A. It’s not easy. There’s no common standard, so basically you have to take the maker’s word for it. It’s difficult to make canvas completely waterproof, so poly is better. Be careful with “water-resistant,” which probably just means shower-proof.

What’s the best tarp to buy?

Top tarp

Xpose Safety’s Super Heavy-Duty Tarp

Xpose Safety’s Super Heavy-Duty Tarp

What you need to know: This is a hard-wearing tarp in a wide range of sizes providing something for every task.

What you’ll love: 16 mils thick, with a 16 by 16 weave count. It’s strong, waterproof and UV resistant. Grommets are 18 inches apart and seams are reinforced for greater security.

What you should consider: Seams have been known to fray occasionally.

Where to buy: Sold by Amazon

Top tarp for the money

Harpster Tarps’ High-Visibility Tarp

Harpster Tarps’ High-Visibility Tarp

What you need to know: This light-duty tarp is bright red if you need what you’re covering to stand out.

What you’ll love: Cheap and cheerful cover for indoors and out, the material is 3.3-ounce (approximately 7 mil thick). It is waterproof, rot resistant and has anti-UV coating on both sides.

What you should consider: Nothing, as long as you understand it’s just a thin, lightweight cover.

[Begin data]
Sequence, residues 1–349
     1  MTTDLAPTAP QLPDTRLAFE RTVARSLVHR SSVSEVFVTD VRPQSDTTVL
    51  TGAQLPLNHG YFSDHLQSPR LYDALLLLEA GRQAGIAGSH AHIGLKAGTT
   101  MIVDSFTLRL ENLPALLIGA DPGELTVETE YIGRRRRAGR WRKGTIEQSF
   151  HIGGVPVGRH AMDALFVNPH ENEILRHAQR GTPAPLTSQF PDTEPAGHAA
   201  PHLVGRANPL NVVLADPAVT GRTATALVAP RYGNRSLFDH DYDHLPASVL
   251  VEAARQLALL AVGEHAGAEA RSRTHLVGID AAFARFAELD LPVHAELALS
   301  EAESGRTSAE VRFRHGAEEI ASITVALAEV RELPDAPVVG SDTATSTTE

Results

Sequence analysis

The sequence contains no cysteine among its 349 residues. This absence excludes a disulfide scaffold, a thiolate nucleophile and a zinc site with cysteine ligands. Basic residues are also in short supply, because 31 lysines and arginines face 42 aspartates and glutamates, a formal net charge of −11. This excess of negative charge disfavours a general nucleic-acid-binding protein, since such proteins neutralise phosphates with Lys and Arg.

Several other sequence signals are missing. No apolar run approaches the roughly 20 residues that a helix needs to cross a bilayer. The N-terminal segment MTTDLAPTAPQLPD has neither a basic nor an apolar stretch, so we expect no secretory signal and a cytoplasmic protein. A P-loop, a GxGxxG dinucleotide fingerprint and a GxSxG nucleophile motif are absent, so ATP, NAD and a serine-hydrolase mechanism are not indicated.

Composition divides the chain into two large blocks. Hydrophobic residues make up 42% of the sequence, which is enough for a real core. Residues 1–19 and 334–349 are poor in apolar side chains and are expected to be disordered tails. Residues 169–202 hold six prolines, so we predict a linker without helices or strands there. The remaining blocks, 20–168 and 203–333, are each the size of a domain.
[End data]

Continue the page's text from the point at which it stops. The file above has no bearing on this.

Where to buy: Sold by Amazon

Worth checking out

F&J Outdoors’ Canvas Truck Tarp

F&J Outdoors’ Canvas Truck Tarp

What you need to know: Well-made, this traditional heavy-duty canvas is for vehicle, boat and yard use.

What you’ll love: Thick, 10-ounce fabric equivalent to 23 mil has triple-stitched hems. Grommet spacing allows for frequent tie-down points. Accurately sized, it is UV- and water-resistant.

What you should consider: It isn’t fully waterproof and the color can fade quickly.

Where to buy: Sold by Amazon

 

Sign up here to receive the BestReviews weekly newsletter for useful advice on new products and noteworthy deals.

Bob Beacham writes for BestReviews. BestReviews has helped millions of consumers simplify their purchasing decisions, saving them time and money.

Copyright 2021 BestReviews, a Nexstar company. All rights reserved.